Transgender: A term for people whose gender identity, expression or behavior is different from those typically associated with their assigned sex at birth. Transgender is a broad term and is good for non-transgender people to use. “Trans” is shorthand for “transgender.” (Note: Transgender is correctly used as an adjective, not a noun, thus “transgender people” is appropriate but “transgenders” is often viewed as disrespectful.)

Gender Identity: An individual’s internal sense of being male, female, or something else. Since gender identity is internal, one’s gender identity is not necessarily visible to others.

 So, unpacking these rather dense and recursive claims, it seems that:
1. One’s gender and gender behaviour is relative to one’s sex, and one’s sex is somehow assigned at birth. Who does this assigning? What about before birth? Is one sexless before birth? How can a baby’s sex be known before birth, as it frequently is, if sex is assigned somehow at birth?
2. Gender identity is a social construct and has no reality in the history and taxonomy of families and species other than hominidae, and it is a small and very late behavioral trait at that. Gender is an invention defined as encompassing ways of describing and perceiving male and female humans that guide societal and cultural roles and behaviours. So, it does make sense as the Code of Conduct says that one’s gender identity is not necessarily visible to others. This is evidently why the Code requires everyone to ask everyone else what gender they happend to be at the moment. Maybe it should be like an AA meeting. “Hi. My name is Xenon. I’m a neutral gendered being. Please refer to me as AetherChild.”
I guess what I don’t understand is why it is up to me to find out all of this personal information about another person whom I am not intending to establish a friendly and intimate relationship with. How often should one check? Once a day? An hour? With each interaction or verbal exchange? Really. Courteous and sane social interaction does not require that I know or care about who or what you believe you are at any moment. If your actions toward me arise from these factors, I may in fact care and respond, but otherwise, go about your business and stop demaning that I recognize all that you think you are at that moment.
I support your right to define yourself however you like, as long as you do not attempt to prevent me from exercising my freedoms of speech, religion, association and rights as another human being and don’t presume to expect me to conform to your ideas.
I must digress for a moment. This has nothing to do with the Reason Rally Code of Conduct, but I found another definition of gender on transequality.org that is particularly interesting. Holding a degree in cultural anthropology this one illustrates the conflation of history, culture, new-age crystal-gazing goodness vibrations like none other:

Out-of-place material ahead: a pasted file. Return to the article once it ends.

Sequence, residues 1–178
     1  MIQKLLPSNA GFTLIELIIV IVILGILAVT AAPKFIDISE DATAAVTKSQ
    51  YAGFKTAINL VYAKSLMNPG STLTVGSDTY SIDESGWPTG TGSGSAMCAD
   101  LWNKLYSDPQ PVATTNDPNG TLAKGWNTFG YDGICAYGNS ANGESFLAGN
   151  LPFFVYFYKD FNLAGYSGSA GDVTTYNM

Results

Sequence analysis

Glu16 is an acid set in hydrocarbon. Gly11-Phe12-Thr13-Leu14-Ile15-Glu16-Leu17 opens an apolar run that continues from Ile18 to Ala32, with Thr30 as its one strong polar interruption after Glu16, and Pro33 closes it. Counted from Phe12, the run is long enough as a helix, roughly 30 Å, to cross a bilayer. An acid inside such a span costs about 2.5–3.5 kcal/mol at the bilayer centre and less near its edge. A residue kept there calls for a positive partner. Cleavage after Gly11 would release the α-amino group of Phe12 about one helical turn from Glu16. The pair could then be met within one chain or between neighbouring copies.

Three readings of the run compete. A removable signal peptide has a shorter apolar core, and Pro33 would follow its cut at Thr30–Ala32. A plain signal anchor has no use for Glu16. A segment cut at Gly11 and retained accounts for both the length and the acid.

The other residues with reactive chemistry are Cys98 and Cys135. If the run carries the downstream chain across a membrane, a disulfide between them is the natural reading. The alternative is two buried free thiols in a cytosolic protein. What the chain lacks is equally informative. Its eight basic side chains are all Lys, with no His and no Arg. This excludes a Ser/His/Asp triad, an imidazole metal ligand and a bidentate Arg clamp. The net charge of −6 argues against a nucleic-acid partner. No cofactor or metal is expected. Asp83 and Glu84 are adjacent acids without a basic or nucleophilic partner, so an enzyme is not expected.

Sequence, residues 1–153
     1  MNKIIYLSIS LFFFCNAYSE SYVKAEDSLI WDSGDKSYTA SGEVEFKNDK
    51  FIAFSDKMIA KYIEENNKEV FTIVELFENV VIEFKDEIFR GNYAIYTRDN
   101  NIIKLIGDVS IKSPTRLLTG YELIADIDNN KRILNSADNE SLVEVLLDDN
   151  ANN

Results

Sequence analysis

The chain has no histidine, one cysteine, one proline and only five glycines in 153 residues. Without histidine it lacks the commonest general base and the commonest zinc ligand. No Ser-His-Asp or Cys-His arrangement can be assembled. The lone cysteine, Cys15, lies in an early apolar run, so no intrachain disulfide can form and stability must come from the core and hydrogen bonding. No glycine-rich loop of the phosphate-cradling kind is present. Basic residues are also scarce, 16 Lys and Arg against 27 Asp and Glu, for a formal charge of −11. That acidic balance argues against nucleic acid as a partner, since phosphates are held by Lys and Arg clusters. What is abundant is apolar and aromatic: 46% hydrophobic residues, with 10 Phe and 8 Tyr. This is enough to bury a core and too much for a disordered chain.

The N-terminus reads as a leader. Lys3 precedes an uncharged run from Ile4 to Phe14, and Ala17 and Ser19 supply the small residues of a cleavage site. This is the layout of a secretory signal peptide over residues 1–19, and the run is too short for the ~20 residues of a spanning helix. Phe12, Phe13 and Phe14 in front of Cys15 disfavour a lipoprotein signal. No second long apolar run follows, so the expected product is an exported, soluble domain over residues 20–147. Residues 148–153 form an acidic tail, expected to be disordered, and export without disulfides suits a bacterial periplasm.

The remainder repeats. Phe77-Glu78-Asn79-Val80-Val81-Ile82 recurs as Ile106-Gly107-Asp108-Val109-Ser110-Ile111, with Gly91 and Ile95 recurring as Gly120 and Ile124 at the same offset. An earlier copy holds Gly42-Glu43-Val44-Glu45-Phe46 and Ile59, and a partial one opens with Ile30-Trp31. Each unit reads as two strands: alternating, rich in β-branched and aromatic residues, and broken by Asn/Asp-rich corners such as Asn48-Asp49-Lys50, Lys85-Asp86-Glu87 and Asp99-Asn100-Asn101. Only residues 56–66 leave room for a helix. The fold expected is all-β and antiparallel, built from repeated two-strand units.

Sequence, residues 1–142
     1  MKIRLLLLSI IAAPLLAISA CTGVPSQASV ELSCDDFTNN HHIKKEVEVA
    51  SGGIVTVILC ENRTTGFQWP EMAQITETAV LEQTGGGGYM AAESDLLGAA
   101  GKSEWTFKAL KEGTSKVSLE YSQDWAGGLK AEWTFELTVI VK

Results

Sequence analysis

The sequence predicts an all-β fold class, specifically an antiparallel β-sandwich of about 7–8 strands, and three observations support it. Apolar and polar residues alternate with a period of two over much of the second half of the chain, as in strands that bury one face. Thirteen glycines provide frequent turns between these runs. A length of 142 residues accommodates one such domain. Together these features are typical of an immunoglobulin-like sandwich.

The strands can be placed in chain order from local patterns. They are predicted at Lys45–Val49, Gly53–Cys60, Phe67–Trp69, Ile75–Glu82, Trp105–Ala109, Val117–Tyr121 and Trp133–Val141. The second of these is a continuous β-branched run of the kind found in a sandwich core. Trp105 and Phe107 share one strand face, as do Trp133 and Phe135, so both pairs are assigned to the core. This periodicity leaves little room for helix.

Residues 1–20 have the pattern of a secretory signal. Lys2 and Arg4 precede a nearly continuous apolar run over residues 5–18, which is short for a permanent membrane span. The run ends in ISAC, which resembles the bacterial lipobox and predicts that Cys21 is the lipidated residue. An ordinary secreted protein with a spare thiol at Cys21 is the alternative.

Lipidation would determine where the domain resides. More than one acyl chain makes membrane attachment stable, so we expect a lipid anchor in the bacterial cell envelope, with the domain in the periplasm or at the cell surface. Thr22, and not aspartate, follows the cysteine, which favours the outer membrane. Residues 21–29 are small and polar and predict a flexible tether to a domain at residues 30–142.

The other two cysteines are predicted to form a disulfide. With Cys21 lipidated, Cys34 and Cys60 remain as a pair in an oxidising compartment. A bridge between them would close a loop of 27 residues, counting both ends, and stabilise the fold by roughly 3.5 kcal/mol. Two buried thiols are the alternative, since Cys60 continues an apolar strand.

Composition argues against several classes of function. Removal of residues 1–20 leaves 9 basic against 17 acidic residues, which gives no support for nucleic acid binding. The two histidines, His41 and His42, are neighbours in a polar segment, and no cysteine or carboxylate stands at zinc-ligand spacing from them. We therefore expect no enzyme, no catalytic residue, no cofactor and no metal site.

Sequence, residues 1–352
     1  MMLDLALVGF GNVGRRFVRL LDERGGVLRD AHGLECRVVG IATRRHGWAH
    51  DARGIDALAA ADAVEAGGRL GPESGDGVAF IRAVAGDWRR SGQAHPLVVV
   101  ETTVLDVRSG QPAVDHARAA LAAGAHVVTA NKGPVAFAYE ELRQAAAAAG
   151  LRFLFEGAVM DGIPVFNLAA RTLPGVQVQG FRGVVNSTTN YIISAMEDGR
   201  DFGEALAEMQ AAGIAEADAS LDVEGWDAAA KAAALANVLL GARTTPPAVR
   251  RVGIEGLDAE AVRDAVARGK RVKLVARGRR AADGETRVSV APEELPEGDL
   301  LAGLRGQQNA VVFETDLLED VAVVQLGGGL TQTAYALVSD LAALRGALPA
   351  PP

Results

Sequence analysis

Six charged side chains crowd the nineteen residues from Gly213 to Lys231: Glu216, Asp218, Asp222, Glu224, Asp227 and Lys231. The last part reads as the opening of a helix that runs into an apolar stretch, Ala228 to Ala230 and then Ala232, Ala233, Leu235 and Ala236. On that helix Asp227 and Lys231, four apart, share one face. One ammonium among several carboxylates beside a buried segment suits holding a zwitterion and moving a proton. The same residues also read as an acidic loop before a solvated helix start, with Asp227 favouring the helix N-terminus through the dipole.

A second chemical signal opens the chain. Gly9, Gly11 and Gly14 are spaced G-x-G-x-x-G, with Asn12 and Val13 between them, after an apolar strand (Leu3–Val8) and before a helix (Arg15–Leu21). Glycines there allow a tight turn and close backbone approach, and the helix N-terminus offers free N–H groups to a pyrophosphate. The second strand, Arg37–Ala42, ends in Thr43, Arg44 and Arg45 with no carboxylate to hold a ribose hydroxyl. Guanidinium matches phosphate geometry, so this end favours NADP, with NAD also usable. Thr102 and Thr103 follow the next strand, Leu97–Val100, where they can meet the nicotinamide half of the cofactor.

Two-Spirit: A contemporary term that refers to the historical and current First Nations people whose individuals spirits were a blend of male and female spirits. This term has been reclaimed by some in Native American LGBT communities in order to honor their heritage and provide an alternative to the Western labels of gay, lesbian, bisexual, or transgender.
1. A contemporaty term. Obviously. No one who is, or knows anything honest about native people could come up with this stuff.
2. “… the historical and current First Nations people…” First, the historical people whom this seems to assume were the first native people, were not the first. We have no history for humans that crossed the land bridge from Asia into North America. None. Artifacts. Scarce and fragile remnants of camps and butchering sites perhaps, but nothing more than educated inferences. The “historical” first people were far distant relatives of those actual first migrants and in many ways extremely different in behaviors, beliefs and cultures. “Nations” is a western white term. The Cheyenne, also far distant from the “first people” referred to themselves as, and this is a white man’s translation into english, ‘the human beings’. Note that others, not part of their group, were not humans. Think about this.
3. “…people whose individuals spirits were a blend of male and female spirits.” The big error here is in thinking that all “First Nations people”, are and think the same way. Do we include the Inuit, the Paiute, the Mohawk, the Seminole, Comanche, Aztec, Olmec, Inca and subsistence groups living in the disease infested Amazon basin in this group? Evidently the people who wrote this definition do. How do we know what all of these diverse human cultures and societies thought about the human spirit? We know much of that due to ethnographic studies by anthropologists and they are wildy different. If any did think that humans are a blend of male and female spirits they were few and far between.
That’s enough. Willful ignorance and loose connection to rational evidence is evident to all but committed believers. Minds will not change unless open to reason, evidence and rational discussion.
In conclusion, I support the underlying philosophy behind the Reason Rally, and I respect many of the speakers and attendees, but I don’t like the way the organizers structured it so that actual reasonable, factual discussions are prohibited or severely inhibited by their code of conduct.  Instead of conduct, these rules seem more  directed at feelings than facts. As Ben Shapiro often says, “facts don’t care about your feelings”.
Facts don’t need safe spaces in which to hide. Facts attempt to describe reality, and when that description is proven to be in error, facts change, they don’t flee to the puppy room.
That is called reason and science. They actually work.